You can use Self-to-Other comparison to motivate you to work harder and achieve your next level of skill.   Self-to-Other comparison makes you strive and yearn to improve, to be as good as the other student. You may not feel good, being relatively less-skilled, but such a comparison will goad you to take the necessary steps to build expertise.

A disadvantage of Self-to-Other comparison is feeling worse when you compare yourself to people who are better than you are.  You don’t know, or may not realize, all of the effort training and opportunities another student has had that all combined to produce the skill that he now demonstrates. If another student is better than you are, all you tend to focus on is that he is better than you are. You forget all of these individual factors that comprise his current skill level.

You may even be catching another student on his best day while you may be having one of your worst days. On any other day this other student might be looking at you, wondering why you are so much more skilled than he is. Remember the term regression toward the mean.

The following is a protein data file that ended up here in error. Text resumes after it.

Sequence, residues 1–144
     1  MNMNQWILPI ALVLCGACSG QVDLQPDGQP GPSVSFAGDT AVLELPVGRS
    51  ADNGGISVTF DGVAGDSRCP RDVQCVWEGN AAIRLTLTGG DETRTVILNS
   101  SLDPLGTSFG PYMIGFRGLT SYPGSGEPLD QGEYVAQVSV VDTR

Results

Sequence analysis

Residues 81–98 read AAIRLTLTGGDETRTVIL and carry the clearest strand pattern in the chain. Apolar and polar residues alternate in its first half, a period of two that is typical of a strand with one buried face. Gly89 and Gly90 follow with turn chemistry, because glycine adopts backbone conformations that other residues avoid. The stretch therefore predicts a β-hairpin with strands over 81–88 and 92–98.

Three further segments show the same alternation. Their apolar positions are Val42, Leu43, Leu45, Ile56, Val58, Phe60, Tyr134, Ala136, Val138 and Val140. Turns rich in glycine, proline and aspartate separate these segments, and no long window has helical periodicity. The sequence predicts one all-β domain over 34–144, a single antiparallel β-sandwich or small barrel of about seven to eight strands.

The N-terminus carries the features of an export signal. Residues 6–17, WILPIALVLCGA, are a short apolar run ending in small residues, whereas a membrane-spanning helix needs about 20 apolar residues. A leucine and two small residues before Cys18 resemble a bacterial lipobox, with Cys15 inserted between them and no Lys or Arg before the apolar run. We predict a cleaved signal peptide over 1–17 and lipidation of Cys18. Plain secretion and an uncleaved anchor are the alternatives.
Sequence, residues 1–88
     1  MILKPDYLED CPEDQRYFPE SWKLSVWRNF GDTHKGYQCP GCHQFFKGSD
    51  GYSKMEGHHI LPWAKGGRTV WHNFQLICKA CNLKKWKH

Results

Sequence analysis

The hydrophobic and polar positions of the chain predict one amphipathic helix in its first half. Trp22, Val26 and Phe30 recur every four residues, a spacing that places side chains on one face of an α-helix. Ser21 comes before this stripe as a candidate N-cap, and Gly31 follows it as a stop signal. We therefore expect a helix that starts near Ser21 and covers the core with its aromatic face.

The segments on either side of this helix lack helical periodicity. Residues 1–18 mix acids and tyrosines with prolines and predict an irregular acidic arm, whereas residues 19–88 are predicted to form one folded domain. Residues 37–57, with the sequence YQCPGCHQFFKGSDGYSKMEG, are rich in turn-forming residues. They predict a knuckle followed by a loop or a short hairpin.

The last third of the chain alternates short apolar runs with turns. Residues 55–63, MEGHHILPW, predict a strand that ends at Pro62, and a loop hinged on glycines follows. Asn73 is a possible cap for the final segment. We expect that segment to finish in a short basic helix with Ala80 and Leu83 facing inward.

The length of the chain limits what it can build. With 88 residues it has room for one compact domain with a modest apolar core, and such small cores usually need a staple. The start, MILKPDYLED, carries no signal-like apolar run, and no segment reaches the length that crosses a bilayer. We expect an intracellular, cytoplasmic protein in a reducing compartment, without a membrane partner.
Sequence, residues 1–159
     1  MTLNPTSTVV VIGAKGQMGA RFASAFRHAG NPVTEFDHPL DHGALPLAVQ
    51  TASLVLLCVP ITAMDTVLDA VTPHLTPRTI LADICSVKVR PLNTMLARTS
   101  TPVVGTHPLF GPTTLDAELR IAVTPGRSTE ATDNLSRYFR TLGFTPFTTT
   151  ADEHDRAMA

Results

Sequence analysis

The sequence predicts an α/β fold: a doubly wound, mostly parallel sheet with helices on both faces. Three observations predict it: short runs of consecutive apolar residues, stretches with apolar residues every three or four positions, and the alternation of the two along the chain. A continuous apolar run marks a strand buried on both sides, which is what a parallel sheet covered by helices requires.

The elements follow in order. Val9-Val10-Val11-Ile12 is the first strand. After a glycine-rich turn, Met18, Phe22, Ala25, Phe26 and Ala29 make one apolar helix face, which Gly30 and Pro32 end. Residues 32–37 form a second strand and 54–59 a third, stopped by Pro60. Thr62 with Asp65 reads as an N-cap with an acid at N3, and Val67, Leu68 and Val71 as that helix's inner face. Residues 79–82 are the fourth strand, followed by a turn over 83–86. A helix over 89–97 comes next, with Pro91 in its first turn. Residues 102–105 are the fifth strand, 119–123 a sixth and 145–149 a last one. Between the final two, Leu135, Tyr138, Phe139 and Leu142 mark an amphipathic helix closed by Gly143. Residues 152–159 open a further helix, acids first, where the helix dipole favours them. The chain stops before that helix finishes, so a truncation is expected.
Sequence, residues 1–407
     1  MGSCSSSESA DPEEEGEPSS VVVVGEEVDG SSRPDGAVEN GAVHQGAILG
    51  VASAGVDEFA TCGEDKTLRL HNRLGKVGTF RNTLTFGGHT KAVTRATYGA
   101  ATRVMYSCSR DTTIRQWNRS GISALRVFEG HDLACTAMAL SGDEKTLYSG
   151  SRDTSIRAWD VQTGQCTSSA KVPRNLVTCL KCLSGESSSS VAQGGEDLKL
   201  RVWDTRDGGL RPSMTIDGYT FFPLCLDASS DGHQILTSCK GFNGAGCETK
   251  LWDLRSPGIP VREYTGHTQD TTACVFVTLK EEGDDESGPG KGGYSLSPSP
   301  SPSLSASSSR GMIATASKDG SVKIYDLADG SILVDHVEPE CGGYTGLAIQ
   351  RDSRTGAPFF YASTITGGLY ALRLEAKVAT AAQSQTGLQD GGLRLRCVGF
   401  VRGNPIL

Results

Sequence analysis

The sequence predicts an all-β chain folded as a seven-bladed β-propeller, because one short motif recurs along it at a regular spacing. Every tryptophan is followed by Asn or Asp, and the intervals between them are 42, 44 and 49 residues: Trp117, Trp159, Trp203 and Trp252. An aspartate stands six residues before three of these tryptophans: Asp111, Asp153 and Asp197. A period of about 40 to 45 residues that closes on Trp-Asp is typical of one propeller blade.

I had this experience on my second trip to Russia. I was having a particularly difficult time working on certain material. Someone I had never seen before or even heard of within the Systema circles was called up to demonstrate, and he performed brilliantly.  I thought to myself, “The Systema community is fairly small (which it was at the time) so who is this guy, and why’s he so good while I’m struggling right now?”